1. Cultivate Open Communication: This can be done many ways and needs to be often referenced back to help employees continue to feel safe. One way to cultivate open communication is having an open door policy. Employees can come in anytime the door is open if they have a question or an idea. During this time, the leader needs to stop doing what they are working on and listen. This is not always easy as you as a leader also have items on your plate and to do items to be done but it is something that needs to be done. I know I am not the best at this but hoping that writing about it will help me practice what I preach! Another way to cultivate open communication to empower others is to building a community of authentic feedback. We do this as a team through reviewing all our work as a team so that many eyes are on it and we are always producing our best content. This does not happen over night and will make some employees uncomfortable but over time they will open up as they see that it is a safe learning environment. The other great part of this approach is that it nudges people to produce their best work because they know others will be looking at it with a different “eye.” Just like how students produce better work when they know they have an authentic audience verse just the teachers.
  2. Be Transparent: I feel that the more transparent you are, the easier change becomes and it empowers people with the right information . This doesn’t mean as a leader you don’t filter things to protect employees. For example, for me, I do not tell employees things until they are facts! There are often times many rumors floating around and I will address that with them because they are just that…rumors. If I know a change or changes are going to occur but the leaders above me have not made final decisions, then I do not tell them what could be, I tell them the facts, there are going to be some changes and they are not sure what they are. Another way I am transparent is by having an employee handbook for our department so that each person knows what is expected of them and there are no surprises. If I make a change to the handbook, it is something that we have discussed as a team.
  3. Show Appreciation:  Everyone likes to feel appreciated and for many that empowers them to want to do a good job for the team. I like to show appreciattion differently so they see that I truly care about each one of them (I may be bias but I do have the best team).  Sometimes it is through celebrations at our staff meetings, sometimes it is a thank you note on their desk while other times it is a favorite treat. I also like to do team appreciations such a making breakfast  or getting pizza for them or doing a fun activities such as bowling. It is important to note here something I have recently learned as well, you may feel you are doing a good job of showing apprciation but that does not always mean other on your team feel that way. It is important to try to find out how they view apprecition too.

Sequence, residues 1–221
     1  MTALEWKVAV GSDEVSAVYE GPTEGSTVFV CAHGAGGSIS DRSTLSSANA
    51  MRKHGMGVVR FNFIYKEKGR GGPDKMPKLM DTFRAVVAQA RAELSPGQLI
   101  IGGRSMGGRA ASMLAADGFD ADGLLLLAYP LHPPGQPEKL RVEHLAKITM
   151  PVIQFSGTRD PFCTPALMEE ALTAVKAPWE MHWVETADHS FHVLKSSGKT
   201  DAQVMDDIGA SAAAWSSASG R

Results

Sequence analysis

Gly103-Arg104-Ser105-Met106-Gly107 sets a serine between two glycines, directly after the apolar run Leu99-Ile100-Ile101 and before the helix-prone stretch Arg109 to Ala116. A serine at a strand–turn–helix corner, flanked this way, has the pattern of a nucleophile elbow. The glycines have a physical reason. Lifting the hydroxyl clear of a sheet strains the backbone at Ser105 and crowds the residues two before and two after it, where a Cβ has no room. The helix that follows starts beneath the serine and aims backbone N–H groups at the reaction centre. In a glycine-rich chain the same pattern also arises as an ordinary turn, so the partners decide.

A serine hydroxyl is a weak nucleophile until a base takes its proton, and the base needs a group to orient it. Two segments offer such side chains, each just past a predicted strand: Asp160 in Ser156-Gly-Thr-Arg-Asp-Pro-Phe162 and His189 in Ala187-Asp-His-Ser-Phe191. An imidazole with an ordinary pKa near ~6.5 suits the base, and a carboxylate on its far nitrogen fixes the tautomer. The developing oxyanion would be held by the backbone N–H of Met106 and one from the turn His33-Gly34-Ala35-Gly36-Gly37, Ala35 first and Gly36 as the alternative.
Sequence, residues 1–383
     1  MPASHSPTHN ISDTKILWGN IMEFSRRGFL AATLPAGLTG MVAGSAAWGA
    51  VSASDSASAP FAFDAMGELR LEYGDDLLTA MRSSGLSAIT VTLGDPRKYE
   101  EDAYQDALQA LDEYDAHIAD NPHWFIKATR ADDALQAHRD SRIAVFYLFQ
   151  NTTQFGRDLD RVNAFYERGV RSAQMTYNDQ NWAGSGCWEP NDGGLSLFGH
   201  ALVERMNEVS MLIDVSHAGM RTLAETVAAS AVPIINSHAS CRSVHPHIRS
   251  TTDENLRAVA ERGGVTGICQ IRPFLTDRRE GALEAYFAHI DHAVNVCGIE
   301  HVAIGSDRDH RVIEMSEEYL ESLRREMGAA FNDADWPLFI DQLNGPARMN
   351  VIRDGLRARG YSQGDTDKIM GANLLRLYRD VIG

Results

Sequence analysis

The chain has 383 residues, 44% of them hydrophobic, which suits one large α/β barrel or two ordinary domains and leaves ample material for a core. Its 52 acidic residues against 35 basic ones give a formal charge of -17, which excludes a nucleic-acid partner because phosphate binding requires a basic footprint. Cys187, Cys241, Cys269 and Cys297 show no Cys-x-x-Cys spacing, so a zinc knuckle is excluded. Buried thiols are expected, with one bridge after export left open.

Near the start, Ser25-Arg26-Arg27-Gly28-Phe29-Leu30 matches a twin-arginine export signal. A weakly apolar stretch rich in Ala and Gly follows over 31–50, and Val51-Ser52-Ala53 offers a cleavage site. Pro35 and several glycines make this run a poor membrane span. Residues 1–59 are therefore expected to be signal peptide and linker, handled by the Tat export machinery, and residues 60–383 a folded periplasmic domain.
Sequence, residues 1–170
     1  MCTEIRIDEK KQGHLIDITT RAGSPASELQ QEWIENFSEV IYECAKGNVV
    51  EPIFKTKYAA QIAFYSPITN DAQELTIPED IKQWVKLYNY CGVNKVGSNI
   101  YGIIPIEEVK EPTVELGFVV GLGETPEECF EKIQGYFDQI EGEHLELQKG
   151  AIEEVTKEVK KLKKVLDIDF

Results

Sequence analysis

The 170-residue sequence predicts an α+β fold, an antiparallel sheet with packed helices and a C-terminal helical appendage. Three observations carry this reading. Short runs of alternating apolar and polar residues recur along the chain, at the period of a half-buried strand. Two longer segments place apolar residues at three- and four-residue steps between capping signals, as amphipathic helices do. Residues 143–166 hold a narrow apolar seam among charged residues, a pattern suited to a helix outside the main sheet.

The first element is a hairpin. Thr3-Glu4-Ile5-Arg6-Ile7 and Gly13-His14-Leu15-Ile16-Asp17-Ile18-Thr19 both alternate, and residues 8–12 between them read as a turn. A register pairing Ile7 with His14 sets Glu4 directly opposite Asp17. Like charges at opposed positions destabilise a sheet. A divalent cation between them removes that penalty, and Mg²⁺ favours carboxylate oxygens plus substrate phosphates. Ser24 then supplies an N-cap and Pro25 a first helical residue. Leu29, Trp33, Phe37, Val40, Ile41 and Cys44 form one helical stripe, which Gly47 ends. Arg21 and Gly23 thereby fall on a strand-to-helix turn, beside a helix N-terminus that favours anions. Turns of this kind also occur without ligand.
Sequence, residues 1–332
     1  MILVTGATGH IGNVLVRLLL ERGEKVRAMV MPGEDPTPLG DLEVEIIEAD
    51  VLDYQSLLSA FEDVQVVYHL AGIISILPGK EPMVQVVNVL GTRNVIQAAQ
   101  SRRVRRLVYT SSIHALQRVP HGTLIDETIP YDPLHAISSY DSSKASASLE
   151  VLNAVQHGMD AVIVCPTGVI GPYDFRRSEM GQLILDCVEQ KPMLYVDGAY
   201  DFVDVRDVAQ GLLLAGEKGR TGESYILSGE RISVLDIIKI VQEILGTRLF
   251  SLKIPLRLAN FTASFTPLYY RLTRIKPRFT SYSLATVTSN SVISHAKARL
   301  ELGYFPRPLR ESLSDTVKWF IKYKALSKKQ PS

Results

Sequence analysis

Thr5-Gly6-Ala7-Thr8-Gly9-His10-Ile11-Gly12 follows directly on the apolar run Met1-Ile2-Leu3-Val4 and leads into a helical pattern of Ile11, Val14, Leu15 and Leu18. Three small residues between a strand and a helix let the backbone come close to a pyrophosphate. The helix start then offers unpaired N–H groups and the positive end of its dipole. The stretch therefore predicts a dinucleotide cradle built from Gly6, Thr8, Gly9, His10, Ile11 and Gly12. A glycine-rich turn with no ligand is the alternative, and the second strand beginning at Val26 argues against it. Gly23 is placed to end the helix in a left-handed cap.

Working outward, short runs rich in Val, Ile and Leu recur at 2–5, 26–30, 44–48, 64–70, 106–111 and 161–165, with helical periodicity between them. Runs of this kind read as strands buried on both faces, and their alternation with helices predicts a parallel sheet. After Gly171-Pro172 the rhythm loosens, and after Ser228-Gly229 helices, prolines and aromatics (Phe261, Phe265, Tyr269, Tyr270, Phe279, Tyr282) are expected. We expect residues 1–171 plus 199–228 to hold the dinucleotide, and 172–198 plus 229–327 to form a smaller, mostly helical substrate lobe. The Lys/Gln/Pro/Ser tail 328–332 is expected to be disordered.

As always, I would love your ideas and feedback because leadership is always something I am trying to improve my craft in.

Reviewing Google’s Project Oxygen

“Leadership is the capacity to translate vision into reality. ” By Warren Bennis

I was reviewing my notes on Google’s ‘Oxygen Project’ (yes I know that is from years ago – 2012 to be exact) this week and it got me thinking about why I never took actions on the notes I had down such as how does it fit into education?

Let’s back track a little. For those of you that never heard about Google’s Project Oxygen. “Google’s Project Oxygen was designed to identify what successful Google managers do. Too often, training departments try to help managers improve their competencies — traits of good managers. But changing traits rarely works. Instead, Google chose to teach managers what to do.” They took their extensive research and found that there were “8 Behaviors of Great Managers”.

1. Be a good coach.

2. Empower; don’t micromanage.

3. Be interested in direct reports, success and well-being.

4. Don’t be a sissy: Be productive and results-oriented.

5. Be a good communicator and listen to your team.

6. Help your employees with career development.

7. Have a clear vision and strategy for the team.

8. Have key technical skills so you can advise the team.

With a few minor tweaks, I think these 8 behaviors also fit any leader verse just managers.

Be a Good Coach

  • Provide specific feedback
  • Solution orientated
Empower Your Staff

  • Don’t micromanage
  • Be a lead learner
Be interested in your staff

  • Know their passions
Be productive and results-oriented

  • Help prioritize tasks
Be a good communicator and listen to your staff

  • Two Way Street
Help your staff with career development

  • Let them lead PD/trainings
Have a clear vision and strategy for the school

  • Involve the team
  • Keep them focused on the goals
Have key skills so you can advise the school

  • Change Agent
  • Problem Solving

 

“Google’s Project Oxygen Pumps Fresh Air Into Management – TheStreet.” 2016. 19 Jun. 2016 <https://www.thestreet.com/story/12328981/1/googles-project-oxygen-pumps-fresh-air-into-management.html>